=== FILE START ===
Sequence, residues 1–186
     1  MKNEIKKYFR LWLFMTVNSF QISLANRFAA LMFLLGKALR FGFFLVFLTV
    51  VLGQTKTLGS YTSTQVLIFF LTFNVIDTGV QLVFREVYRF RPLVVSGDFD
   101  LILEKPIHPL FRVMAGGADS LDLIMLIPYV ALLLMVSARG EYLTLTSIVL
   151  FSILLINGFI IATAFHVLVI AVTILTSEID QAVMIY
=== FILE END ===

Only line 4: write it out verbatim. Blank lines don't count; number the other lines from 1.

   101  LILEKPIHPL FRVMAGGADS LDLIMLIPYV ALLLMVSARG EYLTLTSIVL